Be it the Kerala floods, the farmers’ march to Mumbai or the Supreme Court making landmark judgements, 2018 witnessed social issues being brought to the fore and showed human spirit triumph over adversities in India.
As 2018 draws to a close, it’s time to look back at the challenges and issues that either brought people together or polarised them.
This year saw the human spirit triumph in the face of adversity. When the southern state of Kerala battled severe floods in August, the entire nation came together to help. In Mumbai, Mumbaikars supported farmers who took to the streets demanding a fair price for their produce with food packets, water bottles, and biscuits.
The Supreme Court, too, led the change from the forefront, passing historic judgments on several issues including women’s entry into the Sabarimala temple, Section 377, and adultery, among others.
Here are the social stories and issues that made an impact in 2018.
That India is predominantly an agrarian economy is known, with the sector contributing 13 percent to the country’s GDP. Sixty percent of rural households depend on agriculture and associated industries. India has the second-largest arable land globally. Yet, there is a multitude of challenges, including a dearth of innovation, basic infrastructure, and market connect.
In March, close to 50,000 landless and adivasi farmers gathered in Mumbai’s Azad Maidan from various parts of the state to ask the Devendra Fadnavis Maharashtra Government to grant them their rights.
Their demands included loan waivers, implementation of the MS Swaminathan Commission’s recommendation, compensation for crop loss, and implementation of the Forests Rights Act.
While the Maharashtra government and the farmers reached a consensus, the year 2018 was marred by constant unrest for India’s agrarian community. In November, farmers took to Delhi’s streets and walked to the Parliament demanding a hike in minimum support prices.
The Supreme Court of India paved the path for inclusion with a number of landmark judgements to foster gender equality, strengthen minority rights, and grant legal rights and acceptance to the LGBTQIA+ community. On September 6, 2018, a five-judge bench, led by CJI Deepak Mishra, in its final verdict on Section 377 of the Indian Penal Code, which decriminalised homosexuality, said,
“We have to foster tolerance and peaceful coexistence, we have to respect them for who they are, and not ask them to be who they aren’t.”
The apex court also upheld that women of all ages can enter the Sabarimala temple, dedicated to Lord Ayyappa, in Kerala. However, despite several attempts, no woman has been able to visit the shrine due to huge protests.
The Supreme Court also struck down the 158-year-old Section 497 of the Indian Penal Code that criminalised adultery, stating that a woman could be punished for adultery, as could a man who has consensual sexual intercourse with another man's wife without his consent. Further, to increase transparency and accountability, the Supreme Court allowed live streaming of court proceedings.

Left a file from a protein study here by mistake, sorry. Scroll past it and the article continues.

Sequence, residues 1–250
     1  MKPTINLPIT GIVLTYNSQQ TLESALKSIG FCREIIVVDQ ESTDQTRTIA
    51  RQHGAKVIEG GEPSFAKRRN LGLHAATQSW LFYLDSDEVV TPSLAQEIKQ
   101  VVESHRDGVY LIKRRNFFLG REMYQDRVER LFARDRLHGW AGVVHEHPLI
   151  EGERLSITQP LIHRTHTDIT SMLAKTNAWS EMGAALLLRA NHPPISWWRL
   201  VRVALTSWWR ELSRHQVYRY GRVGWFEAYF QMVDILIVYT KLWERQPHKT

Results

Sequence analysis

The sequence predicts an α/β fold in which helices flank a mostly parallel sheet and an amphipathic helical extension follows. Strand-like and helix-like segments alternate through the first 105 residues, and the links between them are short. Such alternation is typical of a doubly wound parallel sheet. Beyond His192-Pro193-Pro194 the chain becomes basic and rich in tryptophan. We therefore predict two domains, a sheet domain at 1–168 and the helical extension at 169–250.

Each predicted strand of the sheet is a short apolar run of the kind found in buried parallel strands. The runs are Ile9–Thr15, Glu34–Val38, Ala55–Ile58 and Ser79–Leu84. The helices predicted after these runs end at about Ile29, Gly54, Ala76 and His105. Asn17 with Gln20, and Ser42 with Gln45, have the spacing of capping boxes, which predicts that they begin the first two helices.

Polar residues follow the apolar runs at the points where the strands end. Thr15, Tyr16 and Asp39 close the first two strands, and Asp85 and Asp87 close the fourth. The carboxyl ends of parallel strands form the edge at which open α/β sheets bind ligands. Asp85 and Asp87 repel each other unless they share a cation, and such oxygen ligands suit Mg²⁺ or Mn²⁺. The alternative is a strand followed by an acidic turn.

The artisan industry is the second largest employer in developing nations and largely employs women. India accounts for seven million artisans according to official reports, while people within the industry say the number is almost 200 million. Yet, India contributes a meagre two percent to the global handicrafts industry, while China stands at 30 percent.
The Handicrafts Board of India stated that apart from being an unorganised sector, artisans faced other challenges such as low capital, poor exposure to new technologies, the absence of market intelligence, and a poor institutional framework.
Several startups realised this and are helping revive the industry by equipping artisans with information on the latest trends and the demand in markets. This has led to not only a revival of the industry but is also leading to Khadi becoming popular among the masses.
Kerala experienced the heaviest rainfall since 1924 in August this year, leaving millions stranded. A large number of families were forced to take shelter in relief camps, and a red alert was issued in 11 districts. With over 450 deaths being reported, people were marooned without water, food and other basic necessities.
Several individuals, startups, and NGOs came forward and began multiple initiatives to collect relief material to help those affected by the floods.
There were many inspiring tales of heroes who battled all odds to help the people. The Indian defence forces led the rescue operations, and during one such operation, Captain P Rajkumar, a Naval pilot of B42 chopper, manoeuvred a helicopter and landed on a rooftop to rescue 26 people. Under ‘Operation Sahyog’, the Indian Army's Engineer Task Force built a 40-foot bridge in Malappuram district. About 55 NGOs from Coimbatore came together to form an initiative ‘C4TN’ and collected relief material worth Rs 90,000.
The second half of 2018 saw an unprecedented number of women who exposed sexual predators at workplaces. Irrespective of the sector, women took to social media to publicly name individuals who had sexually assaulted or harassed them in the past.
The called out for sexual misconduct included actors like Alok Nath, Nana Patekar, Sajid Khan, Subhash Ghai; Musicians Kailash Kher, Anu Malik, and journalists including Vinod Dua, Prashant Jha, Suhel Seth, BJP leader MJ Akbar, author Chetan Bhagat among others.
The movement began with actor Tanushree Dutta accusing actor Nana Patekar and director Vivek Agnihotri of sexual harassment while shooting a film. Accusations by women forced many organisations to not only investigate the accused but also re-evaluate the measures for women safety at workplaces.